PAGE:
Phil Windley just posted a comment on WS-MEX, where he asks why we need it…
Ill admit it: I dont really get WS-MetadataExchange (or WS-MEX, as its affectionately known). I understand why someone might want to get the Scheme, WSDL, and WS-Policy data for a service. Im just not clear on why a simple URL isnt good enough. Why do we need to invent new RPC-style request/response pairs?
I guess I can see that this allows me to have one URL for the service that can be interrogated for all three in a standard way. Otherwise, I have to tell you three URLs to give you the metadata instead of one, but couldnt we just as easily agree to some kind of convention like this:http://www.example.com/service_path?meta=wsdlhttp://www.example.com/service_path?meta=schemahttp://www.example.com/service_path?meta=policy
This seems much simpler and easier to implement that a request response pair. Plus, I can still grab each of these important documents in a browser and inspect them when I want without having to have a special tool. Am I missing something?
Before turning to the specific issue of why metadata exchange works the way it does, let's think for a minute about why you need it in the first place. The intent is to allow web service providers and consumers to be loosely coupled and negotiate the interfaces, infrastructural services and functional units they require.
To get more specific, let's take an example clear to those of us who work in the identity space. In previous discussions, we've drilled into the advantages of conceiving of digital identities as sets of claims. How would a relying party specify the specific claims it requires? How would it specify the parties from which it is willing to accept such claims (I'm struck by how easy it was to avoid the use of the word ‘trust’ in this sentence)? How would it indicate the types of underlying technologies and token formats which could be used to convey those claims? Finally, how can we create an infrastructure that subordinates, to the extent possible, these decisions to dynamic operational policies, rather than requiring software designers to hard code them?
Clearly Phil understands these motivations, and his question is about the design choice in using a new (if hyper simple) protocol rather than a basic HTTP GET.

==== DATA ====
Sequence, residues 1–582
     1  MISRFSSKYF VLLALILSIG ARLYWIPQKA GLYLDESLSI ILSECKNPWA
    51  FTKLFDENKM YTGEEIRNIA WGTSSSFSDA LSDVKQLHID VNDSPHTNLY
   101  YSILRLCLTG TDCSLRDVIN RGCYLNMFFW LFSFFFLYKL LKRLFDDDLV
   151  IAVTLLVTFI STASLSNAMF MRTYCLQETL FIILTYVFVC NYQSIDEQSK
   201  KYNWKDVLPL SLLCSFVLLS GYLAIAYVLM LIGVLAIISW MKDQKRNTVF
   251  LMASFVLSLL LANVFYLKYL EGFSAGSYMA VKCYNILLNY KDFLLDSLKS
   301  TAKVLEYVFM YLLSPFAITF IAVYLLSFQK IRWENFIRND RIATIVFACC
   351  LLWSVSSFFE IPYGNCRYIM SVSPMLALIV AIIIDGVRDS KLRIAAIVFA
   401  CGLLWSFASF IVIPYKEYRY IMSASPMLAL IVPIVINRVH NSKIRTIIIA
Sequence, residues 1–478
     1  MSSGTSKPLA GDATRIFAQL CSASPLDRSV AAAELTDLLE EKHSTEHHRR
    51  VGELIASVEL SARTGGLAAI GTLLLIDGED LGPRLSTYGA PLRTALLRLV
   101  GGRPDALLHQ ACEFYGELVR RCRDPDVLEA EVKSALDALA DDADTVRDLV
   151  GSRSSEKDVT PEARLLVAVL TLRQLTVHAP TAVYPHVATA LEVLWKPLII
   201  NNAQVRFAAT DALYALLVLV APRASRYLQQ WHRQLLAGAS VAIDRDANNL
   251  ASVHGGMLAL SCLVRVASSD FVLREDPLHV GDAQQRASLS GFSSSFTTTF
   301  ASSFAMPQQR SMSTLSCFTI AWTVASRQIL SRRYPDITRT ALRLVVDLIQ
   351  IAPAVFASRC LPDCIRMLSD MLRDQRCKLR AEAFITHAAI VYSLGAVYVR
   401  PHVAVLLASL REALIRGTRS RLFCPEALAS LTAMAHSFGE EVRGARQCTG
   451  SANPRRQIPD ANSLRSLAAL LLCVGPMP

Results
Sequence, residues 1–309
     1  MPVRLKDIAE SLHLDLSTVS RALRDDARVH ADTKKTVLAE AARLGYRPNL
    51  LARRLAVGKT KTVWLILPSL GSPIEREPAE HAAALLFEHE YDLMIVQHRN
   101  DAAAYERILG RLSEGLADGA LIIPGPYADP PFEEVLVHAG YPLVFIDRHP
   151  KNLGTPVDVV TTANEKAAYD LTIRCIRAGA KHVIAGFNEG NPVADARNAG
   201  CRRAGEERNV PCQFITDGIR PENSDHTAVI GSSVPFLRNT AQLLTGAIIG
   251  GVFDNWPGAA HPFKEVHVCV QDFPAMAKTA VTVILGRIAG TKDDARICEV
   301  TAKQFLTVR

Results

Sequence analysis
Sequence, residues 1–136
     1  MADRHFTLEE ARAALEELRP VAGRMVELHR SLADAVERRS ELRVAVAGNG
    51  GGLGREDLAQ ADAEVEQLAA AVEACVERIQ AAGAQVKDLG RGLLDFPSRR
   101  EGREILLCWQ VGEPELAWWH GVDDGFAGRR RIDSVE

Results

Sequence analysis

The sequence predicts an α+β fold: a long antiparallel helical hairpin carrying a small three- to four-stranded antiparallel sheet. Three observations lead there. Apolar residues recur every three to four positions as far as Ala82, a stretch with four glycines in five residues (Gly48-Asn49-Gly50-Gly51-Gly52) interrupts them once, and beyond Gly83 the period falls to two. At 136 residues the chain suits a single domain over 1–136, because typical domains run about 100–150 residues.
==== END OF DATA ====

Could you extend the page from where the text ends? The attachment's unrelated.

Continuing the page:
To round up the best possible answer, I pinged Don Box, a person of great depth and wisdom who thinks about these issues as long and hard as people like us think about identity issues. He answered this way:
Fellow DSG-er Kim Cameron pointed me to Phil Windley's blog entry on WS-MEX this morning.Since I was one of the offending parties, let me try to make clear why we did it.
We wanted a way to retrieve metadata for services using the same protocols we use to talk to those services.
Its tempting to just use HTTP GET with query string hackery. In fact, this is exactly what we did in V1 (ASMX).
However, here are a few issues with that approach:
- To date, weve avoided telling people how to form their URI. Wed like to keep it that way if possible.
- Not all services will support HTTP. In Indigo, its common to expose an endpoint that only listens over IPC or SOAP-over-TCP.
- We wanted metadata retrieval to compose with things like WS-Security.
- We wanted to have one discoverable mechanism that would scale to arbitrary forms of metadata. In its simplest form, a MEX reply enumerates all of the supported metadata formats a given endpoint supports. For people building generic inspection/diagnostics/management tools, this is pure goodness.
All of this stated, ASMX still supports ?WSDL as does Indigo (if you enable it).
Using plain-old-HTTP-GET isnt a bad solution it just doesnt always work. When it does, though, its a beautiful solution.
You can see why I'm so fond of Don. Someone designing protocols who cares as much about inspection and diagnostic and management tools as he does about the specific value of the protocol. Maybe time really is moving forward.